Are teen girl films having a moment?

Cara Delevingne and Nat Wolff in <i>Paper Towns</i>.

Cara Delevingne and Nat Wolff in Paper Towns.

Right now is a wonderful time to be a fictional woman. A quick glance at the current box office top ten in Australia shows plenty of ticket stubs to watch the animated tween Riley in Inside Out, Carey Mulligan in Far From The Madding Crowd, Melissa McCarthy and Rose Byrne in Spy, and Mia Wasikowska in Madame Bovary.

And just over the horizon another crop of female characters are rushing towards the big screen, but it suddenly seems to be the teenage girl who is stepping into the cinematic spotlight. After all, who wouldn't want to make a film about an adolescent girl? They are drama personified with their whiplash emotions roaring as they stand on the precipice of their future.

The celluloid teen girl holds a special place in the heart of many women who grew up watching the ditzy but kind-hearted antics of Cher Horowitz in Clueless, coveting the fluffy blue sweater worn by Liv Tyler in Empire Records or nodding in recognition at the growing pains of Enid Coleslaw in Ghost World. The teen girl experience has also been well examined by television series like My So-Called Life, Buffy The Vampire Slayer and Daria. The best examples of these depictions admit the breadth of the adolescent experience and don't shy away from authentically exploring the diversity of identities often contained within the one girl.

Three anticipated films featuring teen girls are just around the corner. The absolute pick of the bunch is Marielle Heller's excellent The Diary Of A Teenage Girl (due September 24), recently screened at the the Sydney Film Festival. Based on Phoebe Gloeckner's 2002 graphic novel, the movie is set in 1970s San Francisco where 15-year-old Minnie Goetze (played to perfection by Bel Powley) is shakily trying to come to grips with her burgeoning sexuality.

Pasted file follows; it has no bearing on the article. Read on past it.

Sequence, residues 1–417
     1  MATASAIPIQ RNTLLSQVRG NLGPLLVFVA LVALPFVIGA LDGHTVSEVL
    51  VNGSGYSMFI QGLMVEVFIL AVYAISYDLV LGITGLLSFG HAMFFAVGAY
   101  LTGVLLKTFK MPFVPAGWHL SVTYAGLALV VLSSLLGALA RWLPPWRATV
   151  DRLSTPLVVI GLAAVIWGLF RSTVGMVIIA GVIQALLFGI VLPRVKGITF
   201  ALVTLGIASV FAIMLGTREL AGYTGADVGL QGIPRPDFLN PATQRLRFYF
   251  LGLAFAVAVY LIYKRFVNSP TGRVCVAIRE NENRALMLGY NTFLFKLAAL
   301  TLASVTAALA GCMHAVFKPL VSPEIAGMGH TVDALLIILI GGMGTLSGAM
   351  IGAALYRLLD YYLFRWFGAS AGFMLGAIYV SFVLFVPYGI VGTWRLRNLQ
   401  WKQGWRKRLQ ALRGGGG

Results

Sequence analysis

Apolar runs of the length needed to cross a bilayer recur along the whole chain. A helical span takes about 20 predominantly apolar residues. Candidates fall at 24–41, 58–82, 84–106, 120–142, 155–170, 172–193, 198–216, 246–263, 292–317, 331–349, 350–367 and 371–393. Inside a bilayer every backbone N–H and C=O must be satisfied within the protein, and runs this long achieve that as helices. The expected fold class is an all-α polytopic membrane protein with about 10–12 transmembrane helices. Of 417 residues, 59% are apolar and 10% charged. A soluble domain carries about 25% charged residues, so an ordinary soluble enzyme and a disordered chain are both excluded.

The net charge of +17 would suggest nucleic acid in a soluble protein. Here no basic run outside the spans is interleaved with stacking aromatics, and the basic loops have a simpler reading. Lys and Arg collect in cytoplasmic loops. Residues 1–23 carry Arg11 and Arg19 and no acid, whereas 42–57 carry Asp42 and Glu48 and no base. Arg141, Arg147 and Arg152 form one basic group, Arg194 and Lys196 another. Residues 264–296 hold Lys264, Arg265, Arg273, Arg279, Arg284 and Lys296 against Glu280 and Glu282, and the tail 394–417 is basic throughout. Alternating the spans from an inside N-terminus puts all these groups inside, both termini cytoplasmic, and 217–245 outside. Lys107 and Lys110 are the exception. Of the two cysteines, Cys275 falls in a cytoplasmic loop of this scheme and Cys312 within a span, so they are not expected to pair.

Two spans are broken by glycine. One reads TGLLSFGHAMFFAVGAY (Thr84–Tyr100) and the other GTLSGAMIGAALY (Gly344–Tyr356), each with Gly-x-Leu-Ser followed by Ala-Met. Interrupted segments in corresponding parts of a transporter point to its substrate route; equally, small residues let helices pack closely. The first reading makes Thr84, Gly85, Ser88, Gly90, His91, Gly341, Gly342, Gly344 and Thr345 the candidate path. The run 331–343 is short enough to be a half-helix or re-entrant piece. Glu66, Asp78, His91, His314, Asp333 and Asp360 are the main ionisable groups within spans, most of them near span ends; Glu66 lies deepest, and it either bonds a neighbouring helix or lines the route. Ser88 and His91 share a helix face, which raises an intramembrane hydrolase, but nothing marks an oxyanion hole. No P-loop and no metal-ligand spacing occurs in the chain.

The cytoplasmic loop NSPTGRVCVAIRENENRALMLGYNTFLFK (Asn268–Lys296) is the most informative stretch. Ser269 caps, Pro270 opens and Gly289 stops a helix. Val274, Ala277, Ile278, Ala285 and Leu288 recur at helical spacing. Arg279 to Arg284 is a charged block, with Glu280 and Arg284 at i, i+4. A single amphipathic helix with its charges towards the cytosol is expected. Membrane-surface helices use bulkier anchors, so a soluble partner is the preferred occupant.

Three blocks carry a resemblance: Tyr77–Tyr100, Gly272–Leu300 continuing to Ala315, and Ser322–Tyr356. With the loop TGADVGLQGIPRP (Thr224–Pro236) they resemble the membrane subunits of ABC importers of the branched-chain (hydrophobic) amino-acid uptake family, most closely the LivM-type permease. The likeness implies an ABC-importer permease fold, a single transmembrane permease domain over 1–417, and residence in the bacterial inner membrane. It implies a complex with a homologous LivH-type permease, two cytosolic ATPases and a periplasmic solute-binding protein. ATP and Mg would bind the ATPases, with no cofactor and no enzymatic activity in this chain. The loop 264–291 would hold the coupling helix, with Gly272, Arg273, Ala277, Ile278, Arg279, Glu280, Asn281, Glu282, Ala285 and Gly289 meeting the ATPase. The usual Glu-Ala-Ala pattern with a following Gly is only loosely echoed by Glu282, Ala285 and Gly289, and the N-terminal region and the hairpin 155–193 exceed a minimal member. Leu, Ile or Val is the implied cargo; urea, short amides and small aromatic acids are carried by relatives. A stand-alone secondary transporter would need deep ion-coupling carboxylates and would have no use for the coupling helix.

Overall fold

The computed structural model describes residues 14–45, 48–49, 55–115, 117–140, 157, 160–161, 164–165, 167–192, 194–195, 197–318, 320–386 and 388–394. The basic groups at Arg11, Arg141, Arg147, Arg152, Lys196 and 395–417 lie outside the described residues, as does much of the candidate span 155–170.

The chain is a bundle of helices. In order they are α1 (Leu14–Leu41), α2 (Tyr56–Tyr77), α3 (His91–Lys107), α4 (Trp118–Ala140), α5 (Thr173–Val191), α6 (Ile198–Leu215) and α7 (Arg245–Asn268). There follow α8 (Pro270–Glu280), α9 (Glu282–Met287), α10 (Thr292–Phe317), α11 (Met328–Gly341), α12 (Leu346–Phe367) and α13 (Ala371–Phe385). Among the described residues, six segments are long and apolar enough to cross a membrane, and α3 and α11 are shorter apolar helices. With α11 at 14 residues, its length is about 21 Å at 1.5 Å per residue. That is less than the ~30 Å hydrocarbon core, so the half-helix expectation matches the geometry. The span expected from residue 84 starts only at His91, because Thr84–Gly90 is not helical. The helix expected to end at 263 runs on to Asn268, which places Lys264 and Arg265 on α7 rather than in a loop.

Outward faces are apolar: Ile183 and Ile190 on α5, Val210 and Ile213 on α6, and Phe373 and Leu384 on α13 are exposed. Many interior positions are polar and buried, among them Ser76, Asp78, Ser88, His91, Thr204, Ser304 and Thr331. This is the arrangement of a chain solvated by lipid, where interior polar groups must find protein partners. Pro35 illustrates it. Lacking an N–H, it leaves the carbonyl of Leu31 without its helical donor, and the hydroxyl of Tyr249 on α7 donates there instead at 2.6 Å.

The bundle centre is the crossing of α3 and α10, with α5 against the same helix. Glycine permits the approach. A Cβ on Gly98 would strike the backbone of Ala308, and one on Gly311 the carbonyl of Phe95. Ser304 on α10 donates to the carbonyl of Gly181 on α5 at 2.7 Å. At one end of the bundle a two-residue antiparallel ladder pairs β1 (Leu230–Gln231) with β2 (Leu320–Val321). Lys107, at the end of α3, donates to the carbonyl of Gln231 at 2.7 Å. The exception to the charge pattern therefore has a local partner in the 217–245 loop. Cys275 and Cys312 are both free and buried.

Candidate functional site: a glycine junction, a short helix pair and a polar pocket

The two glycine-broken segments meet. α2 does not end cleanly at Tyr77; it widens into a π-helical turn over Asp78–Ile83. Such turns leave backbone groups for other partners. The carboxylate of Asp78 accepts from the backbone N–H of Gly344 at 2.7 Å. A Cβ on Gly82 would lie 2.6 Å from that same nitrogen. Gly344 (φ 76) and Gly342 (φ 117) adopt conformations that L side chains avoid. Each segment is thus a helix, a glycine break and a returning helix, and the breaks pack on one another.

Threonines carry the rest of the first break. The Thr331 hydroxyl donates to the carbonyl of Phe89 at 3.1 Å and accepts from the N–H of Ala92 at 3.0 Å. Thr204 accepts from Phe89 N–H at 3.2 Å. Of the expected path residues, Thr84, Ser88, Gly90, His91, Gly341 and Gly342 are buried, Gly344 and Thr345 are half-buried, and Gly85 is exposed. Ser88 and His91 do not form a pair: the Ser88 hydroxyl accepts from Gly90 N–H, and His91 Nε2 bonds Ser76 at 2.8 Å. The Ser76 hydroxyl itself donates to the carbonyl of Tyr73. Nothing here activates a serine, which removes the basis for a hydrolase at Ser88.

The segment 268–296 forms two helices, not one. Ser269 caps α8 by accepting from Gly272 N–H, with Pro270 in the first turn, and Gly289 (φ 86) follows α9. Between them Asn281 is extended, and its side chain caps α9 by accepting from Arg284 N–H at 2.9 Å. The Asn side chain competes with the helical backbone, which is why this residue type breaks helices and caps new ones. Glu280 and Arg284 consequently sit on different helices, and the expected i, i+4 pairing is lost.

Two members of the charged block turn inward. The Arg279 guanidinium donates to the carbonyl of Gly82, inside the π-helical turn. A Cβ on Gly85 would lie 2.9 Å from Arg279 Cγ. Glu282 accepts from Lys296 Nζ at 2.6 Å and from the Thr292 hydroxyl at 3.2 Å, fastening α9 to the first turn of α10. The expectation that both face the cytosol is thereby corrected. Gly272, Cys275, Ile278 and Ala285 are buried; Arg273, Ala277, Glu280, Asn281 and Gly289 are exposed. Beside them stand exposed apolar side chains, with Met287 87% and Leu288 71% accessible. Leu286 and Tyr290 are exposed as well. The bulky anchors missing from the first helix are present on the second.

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The wonderful thing about this movie is the complexity of Minnie; she's smart but makes terrible decisions. One of my favourite scenes shows her and a friend making a risky sexual choice and the next day saying words to the effect of "Let's never do that again". She isn't immediately punished like happens in so many movies (the most obvious trope being how the 'slutty' character is usually the first to die in your bog standard horror film). Instead, she chooses to try something, then decides she doesn't want to ever do it again, and that's the end of that. Minnie's narrative is vivid and funny and heartbreaking and messy, perfectly mimicking the genuine experience of getting through those 'not a girl, not yet a woman' years. It seems no coincidence that the most realistic and complicated portrayal was also the one helmed by a female director from source material by a female author.